Watson 54-Hole Leader in Houston

By Associated PressApril 1, 2007, 4:00 pm
2006 Shell Houston OpenHUMBLE, Texas -- Bubba Watson finished an 8-under 64 on Sunday morning to take a three-shot lead into the final round of the rain-delayed Houston Open.
 
Watson was one of 27 players who returned to the Tournament Course at Redstone at sunrise to complete his suspended third round. Thunderstorms delayed tee times for six hours on Saturday.
 
Watson's 64 tied the course record set by Johnson Wagner on Saturday.
 
Wagner, a 27-year-old Tour rookie, was part of a five-way tie at 11 under, along with defending champion Stuart Appleby, Houston resident Jeff Maggert, Adam Scott and Paul Stankowski.
 
Watson had three holes to play on Sunday morning and birdied the par-3 16th to move to 16 under. He missed the greens on nos. 17 and 18 and bogeyed both to finish the round at 14 under.
 
Appleby, playing with Watson, birdied the 17th and finished with a 67. It was the Australian's sixth sub-70 round in seven at the Redstone course, which debuted as the tournament host last year.
 
Maggert also shot a 67 after a bogey on the 18th. Scott and Stankowski completed their third rounds, both 65s, on Saturday, just before play was halted due to darkness.
 
The final round was scheduled to begin at 11 a.m. ET, with threesomes teeing off both No. 1 and No. 10.
 
Stankowski just regained his PGA Tour card last year after finishing eighth in qualifying school. He shot his best round of this year on Saturday after missing three cuts in his first five starts.
 
Stankowski is just happy to be playing at all. He's endured three surgeries -- two on his left hand and another on his shoulder -- in the last three years.
 
For a while, he couldn't even pick up a club, let alone swing one.
 
'I'm thankful for just the opportunity to be able to put the peg in the ground and come out here,' said Stankowski, winless since the 1997 Hawaiian Open. 'Being in contention, having a chance (Sunday), that's just icing on the cake.'
 
Wagner started the third round at 3 under, three shots behind a six-way tie at the top. He teed off almost two hours before the leaders and made the most of the ideal scoring conditions after the storms.
 
He reeled off five straight birdies, including a curling 25-footer on No. 6, to finish a front-nine 30, then added two birdies on the back to beat Greg Owen's 65 in the second round of last year's Houston Open.
 
'It was an incredible run,' Wagner said. 'I kind of got in a zone.'
 
The Amarillo native finished second on the Nationwide money list in 2006 to earn a PGA Tour card. He's discovering quickly how much more difficult it is to win at the top level.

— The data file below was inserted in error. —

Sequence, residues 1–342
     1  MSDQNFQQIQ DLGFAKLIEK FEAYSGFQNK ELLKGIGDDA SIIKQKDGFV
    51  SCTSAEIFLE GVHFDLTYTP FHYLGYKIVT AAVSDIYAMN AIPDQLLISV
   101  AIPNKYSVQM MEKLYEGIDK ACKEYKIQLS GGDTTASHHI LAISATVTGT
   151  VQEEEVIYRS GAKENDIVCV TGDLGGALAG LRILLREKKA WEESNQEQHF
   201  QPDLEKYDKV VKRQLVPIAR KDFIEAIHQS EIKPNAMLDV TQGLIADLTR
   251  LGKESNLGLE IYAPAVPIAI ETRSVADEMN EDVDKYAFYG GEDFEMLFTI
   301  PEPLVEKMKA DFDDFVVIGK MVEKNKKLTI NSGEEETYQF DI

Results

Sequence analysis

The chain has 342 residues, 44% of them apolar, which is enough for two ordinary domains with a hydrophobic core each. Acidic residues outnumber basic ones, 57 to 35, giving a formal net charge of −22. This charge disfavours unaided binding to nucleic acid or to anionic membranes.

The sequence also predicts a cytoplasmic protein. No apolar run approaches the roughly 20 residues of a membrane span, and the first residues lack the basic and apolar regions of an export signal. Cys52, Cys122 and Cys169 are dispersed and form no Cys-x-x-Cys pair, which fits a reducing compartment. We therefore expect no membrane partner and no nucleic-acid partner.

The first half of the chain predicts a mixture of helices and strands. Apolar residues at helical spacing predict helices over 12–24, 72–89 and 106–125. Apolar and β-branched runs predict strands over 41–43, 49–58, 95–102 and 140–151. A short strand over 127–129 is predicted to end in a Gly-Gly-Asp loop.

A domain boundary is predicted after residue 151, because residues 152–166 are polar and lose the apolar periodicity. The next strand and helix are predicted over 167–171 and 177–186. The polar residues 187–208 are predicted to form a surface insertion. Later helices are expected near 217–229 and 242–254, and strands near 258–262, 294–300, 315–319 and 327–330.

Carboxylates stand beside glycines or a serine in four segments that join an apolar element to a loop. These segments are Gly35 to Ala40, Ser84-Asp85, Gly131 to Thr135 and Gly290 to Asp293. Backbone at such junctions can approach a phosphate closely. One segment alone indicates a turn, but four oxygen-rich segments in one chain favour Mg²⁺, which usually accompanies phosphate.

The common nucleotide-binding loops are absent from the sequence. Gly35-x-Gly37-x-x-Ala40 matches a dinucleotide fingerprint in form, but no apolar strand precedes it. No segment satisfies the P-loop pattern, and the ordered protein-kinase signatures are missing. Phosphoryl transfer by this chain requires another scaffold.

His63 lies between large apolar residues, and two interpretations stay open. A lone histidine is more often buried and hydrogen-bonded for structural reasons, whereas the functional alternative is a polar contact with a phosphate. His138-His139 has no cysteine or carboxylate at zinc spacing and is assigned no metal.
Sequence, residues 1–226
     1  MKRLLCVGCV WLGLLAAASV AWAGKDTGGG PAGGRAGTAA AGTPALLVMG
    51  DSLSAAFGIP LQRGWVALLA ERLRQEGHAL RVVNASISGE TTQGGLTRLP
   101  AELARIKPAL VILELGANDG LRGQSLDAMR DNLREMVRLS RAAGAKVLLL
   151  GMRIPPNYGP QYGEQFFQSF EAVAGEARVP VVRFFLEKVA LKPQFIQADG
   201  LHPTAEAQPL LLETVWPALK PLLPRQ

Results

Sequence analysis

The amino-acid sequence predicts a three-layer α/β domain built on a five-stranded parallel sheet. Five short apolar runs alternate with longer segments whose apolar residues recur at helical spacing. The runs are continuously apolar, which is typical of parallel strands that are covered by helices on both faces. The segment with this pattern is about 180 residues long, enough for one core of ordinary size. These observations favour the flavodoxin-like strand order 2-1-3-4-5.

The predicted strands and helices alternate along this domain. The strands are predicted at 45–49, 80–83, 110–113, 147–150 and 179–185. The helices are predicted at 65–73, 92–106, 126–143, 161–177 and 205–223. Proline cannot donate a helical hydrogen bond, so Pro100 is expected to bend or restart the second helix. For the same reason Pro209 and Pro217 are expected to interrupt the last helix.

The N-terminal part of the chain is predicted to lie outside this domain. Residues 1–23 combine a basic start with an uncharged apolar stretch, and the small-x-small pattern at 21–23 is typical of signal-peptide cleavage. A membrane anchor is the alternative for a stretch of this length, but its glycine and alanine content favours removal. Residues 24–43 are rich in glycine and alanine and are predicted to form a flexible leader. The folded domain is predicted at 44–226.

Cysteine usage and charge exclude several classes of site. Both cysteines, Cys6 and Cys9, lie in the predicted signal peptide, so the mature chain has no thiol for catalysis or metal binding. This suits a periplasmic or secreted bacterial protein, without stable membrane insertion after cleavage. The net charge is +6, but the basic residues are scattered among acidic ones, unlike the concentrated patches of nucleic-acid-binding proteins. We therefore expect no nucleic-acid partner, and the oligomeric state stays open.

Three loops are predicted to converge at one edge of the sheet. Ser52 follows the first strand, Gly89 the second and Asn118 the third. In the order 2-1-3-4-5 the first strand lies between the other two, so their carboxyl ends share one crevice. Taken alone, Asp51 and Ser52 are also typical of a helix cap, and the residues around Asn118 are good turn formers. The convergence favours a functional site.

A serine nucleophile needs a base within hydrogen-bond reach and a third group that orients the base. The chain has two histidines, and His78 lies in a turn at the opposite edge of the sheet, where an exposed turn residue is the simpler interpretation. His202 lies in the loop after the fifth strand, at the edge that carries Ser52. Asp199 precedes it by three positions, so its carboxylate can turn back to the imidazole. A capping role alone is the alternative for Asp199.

Wagner has shot at least one round in the 60s in seven of nine starts this year. But his final-round average is 73.5, including an 80 at the Honda Classic and a 76 in Tampa the following week.
 
'I just have not been able to get a good Sunday round,' Wagner said. 'I'm learning a lot out here. Hopefully, my experiences will help me this weekend.'
 
Wagner came into the tournament ranked sixth in greens in regulation. He hit 16 of 18 on Saturday and needed only 26 putts, four of them from beyond 14 feet.
 
If only he can keep his touch for one more day.
 
'Going into the past few Sundays, I've always been five or six back and feel like I've had to press early,' he said. 'I know now I have a really good chance to win. I'm going to be real patient and not try to press from the beginning.'
 
Watson leads the tour in driving distance and used his power to shred the fifth-longest course on tour. He birdied all four par 5s after hitting 300-yard drives.
 
Scott, the highest-ranked player in the field at No. 5, missed several short putts on Friday and shot a 71. He holed a 23-footer on the No. 6, capping a stretch of four straight birdies.
 
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    Singh's lawsuit stalls as judge denies motion

    By Rex HoggardJanuary 23, 2018, 7:54 pm

    Vijay Singh’s attempts to speed up the proceedings in his ongoing lawsuit against the PGA Tour have been stalled, again.

    Singh – who filed the lawsuit in New York Supreme Court in May 2013 claiming the Tour recklessly administered its anti-doping program when he was suspended, a suspension that was later rescinded – sought to have the circuit sanctioned for what his attorneys argued was a frivolous motion, but judge Eileen Bransten denied the motion earlier this month.

    “While the court is of the position it correctly denied the Tour’s motion to argue, the court does not agree that the motion was filed in bad faith nor that it represents a ‘persistent pattern of repetitive or meritless motions,’” Bransten said.

    It also doesn’t appear likely the case will go to trial any time soon, with Bransten declining Singh’s request for a pretrial conference until a pair of appeals that have been sent to the court’s appellate division have been decided.

    “What really should be done is settle this case,” Bransten said during the hearing, before adding that it is, “unlikely a trail will commence prior to 2019.”

    The Tour’s longstanding policy is not to comment on ongoing litigation, but earlier this month commissioner Jay Monahan was asked about the lawsuit.

    “I'll just say that we're going through the process,” Monahan said. “Once you get into a legal process, and you've been into it as long as we have been into it, I think it's fair to assume that we're going to run it until the end.”

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    Videos and images from Tiger's Tuesday at Torrey

    By Golf Channel DigitalJanuary 23, 2018, 7:45 pm

    Tiger Woods played a nine-hole practice round Tuesday at Torrey Pines South, site of this week's Farmers Insurance Open. Woods is making his first PGA Tour start since missing the cut in this event last year. Here's a look at some images and videos of Tiger, via social media:







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    Power Rankings: 2018 Farmers Insurance Open